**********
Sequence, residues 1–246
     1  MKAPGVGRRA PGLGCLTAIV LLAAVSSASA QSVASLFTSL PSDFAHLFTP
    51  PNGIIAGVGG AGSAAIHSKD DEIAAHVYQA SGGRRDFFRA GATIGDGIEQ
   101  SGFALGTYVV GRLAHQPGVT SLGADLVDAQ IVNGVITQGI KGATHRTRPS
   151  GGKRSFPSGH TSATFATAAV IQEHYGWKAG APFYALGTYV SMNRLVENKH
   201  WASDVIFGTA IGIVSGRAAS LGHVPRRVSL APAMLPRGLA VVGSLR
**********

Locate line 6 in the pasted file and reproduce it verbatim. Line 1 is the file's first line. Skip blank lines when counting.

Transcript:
   201  WASDVIFGTA IGIVSGRAAS LGHVPRRVSL APAMLPRGLA VVGSLR